Friday 9 September 2016

Mahle fits eSupercharge 1.2-litre to VW Golf

Mahle Powertrain’s Northampton (UK) engineering team has replaced the standard 2-litre turbocharged engine in its donor VW Golf GTi, with the latest development of its 1.2-litre downsizing engine.

 The new power unit harnesses 48V eSupercharger technology coupled with an innovative belt integrated starter generator (BISG) to deliver high performance combined with fuel efficiency and reduced emissions.
The car will be at the Low Carbon Vehicle (LCV) event which is being staged at the  Millbrook Proving Ground, Bedfordshire, UK  (14-15 September, 2016). Visitors will be the first to see the eSupercharged downsized demonstrator vehicle on the road.
First unveiled at Cenex LCV 2015, the past year has witnessed further development of Mahle Powertrain’s groundbreaking demonstrator vehicle, which signals a bright future for mild hybrid gasoline engines. This year’s event sees the 48V equipped vehicle take to the test track for the first time.
Mike Bassett, chief engineer for R&D at Mahle Powertrain, comments: “Other key engine developments that have been successfully integrated since LCV 2015 include Mahle’s ECU (MFE), which plays an important role in both engine management and electrical system control simultaneously. This development control unit, including bespoke software, enables extremely rapid and flexible functional integration and comprehensive implementation of multiple control processes.”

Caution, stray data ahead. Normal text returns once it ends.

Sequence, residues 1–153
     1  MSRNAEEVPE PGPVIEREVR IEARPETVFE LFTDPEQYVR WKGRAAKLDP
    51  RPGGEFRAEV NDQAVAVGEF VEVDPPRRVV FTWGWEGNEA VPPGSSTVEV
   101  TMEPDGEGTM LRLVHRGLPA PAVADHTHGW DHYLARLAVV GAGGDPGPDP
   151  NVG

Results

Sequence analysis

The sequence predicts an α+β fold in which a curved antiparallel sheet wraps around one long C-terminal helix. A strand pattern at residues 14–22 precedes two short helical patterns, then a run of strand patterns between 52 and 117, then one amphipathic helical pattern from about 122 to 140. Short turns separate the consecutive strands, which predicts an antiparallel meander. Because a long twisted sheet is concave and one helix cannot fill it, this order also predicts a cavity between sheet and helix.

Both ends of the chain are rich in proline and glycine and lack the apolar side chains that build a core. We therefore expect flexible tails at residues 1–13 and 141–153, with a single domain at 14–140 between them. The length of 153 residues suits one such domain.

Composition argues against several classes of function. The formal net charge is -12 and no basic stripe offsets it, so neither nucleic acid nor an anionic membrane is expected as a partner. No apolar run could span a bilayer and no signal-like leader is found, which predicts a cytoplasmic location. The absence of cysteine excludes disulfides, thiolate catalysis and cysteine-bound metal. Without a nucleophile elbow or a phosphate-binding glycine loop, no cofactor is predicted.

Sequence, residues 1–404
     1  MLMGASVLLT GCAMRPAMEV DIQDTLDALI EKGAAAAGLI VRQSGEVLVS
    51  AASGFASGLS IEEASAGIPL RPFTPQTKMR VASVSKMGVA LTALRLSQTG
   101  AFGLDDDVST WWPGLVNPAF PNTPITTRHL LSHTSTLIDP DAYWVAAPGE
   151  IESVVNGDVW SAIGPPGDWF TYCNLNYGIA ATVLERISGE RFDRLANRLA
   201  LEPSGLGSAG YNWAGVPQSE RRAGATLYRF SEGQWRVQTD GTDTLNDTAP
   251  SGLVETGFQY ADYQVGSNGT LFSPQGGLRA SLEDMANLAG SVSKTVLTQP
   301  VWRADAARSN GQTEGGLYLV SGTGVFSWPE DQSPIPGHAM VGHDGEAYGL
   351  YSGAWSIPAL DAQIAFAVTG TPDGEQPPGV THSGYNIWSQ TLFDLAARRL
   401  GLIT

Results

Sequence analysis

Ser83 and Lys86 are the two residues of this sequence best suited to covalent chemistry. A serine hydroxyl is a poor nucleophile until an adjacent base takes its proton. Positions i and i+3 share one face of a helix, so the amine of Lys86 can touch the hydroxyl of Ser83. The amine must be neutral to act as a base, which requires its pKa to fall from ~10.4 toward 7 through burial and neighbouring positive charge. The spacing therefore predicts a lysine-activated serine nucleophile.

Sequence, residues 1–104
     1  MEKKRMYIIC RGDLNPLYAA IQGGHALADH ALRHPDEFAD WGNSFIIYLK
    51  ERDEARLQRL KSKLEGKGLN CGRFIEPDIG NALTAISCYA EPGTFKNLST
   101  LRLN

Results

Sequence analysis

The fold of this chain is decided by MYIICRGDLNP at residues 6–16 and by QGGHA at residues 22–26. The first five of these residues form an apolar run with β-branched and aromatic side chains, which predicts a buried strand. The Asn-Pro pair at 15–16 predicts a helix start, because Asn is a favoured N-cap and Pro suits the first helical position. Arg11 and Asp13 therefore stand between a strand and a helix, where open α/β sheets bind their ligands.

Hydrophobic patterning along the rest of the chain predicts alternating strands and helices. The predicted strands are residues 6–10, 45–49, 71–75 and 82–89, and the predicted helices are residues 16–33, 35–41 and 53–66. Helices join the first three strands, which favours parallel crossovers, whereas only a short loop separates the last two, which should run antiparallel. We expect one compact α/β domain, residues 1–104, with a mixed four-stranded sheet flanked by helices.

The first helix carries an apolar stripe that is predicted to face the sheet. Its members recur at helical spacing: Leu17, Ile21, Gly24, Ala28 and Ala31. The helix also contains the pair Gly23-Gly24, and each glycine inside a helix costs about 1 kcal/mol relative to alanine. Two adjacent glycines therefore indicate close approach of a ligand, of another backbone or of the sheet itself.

In addition to eSupercharge and 10kW rated BISG, the 48V architecture used in this demonstration car comprises a three-cell, advanced lead acid, 48V battery pack and a pair of DC/DC converters (to maintain the state of charge of the 12V battery).
Real-world road tests, drive-ability and emissions calibration on the demo vehicle are currently ongoing and initial performance results are encouraging.
When compared to the baseline data (based on the standard 2-litre Golf GTi), the test vehicle is achieving a 22 per cent reduction in CO2 emissions. In terms of specific power, the Mahle engine produces an impressive 160 kW/litre (> 260 bhp), compared to the baseline of 100 kW/litre.
The low-speed torque generated by the almost lag-free eSupercharger enables a 0-100 km/h time of 6.4 seconds. While some of these figures are yet to be fully verified and tested, this eSupercharge engine has already shown significant potential as an attractive solution for mild hybridisation.
One of the characteristics of the eSupercharge downsizing engine is its ability to deliver steady state torque even at engine speeds as low as 1,000 rev/min. While the original turbocharged, gasoline donor engine typically produces 23 Bar BMEP at 2,500 rev/min, the MAHLE Powertrain unit generates 33 Bar BMEP with no evident lag. 
Mahle’s application of 48V eSupercharge to its 1.2 litre engine achieves the same acceleration as a 2.0 litre Mk 7 Golf GTi, while significantly reducing CO2 emissions and improving fuel consumption.

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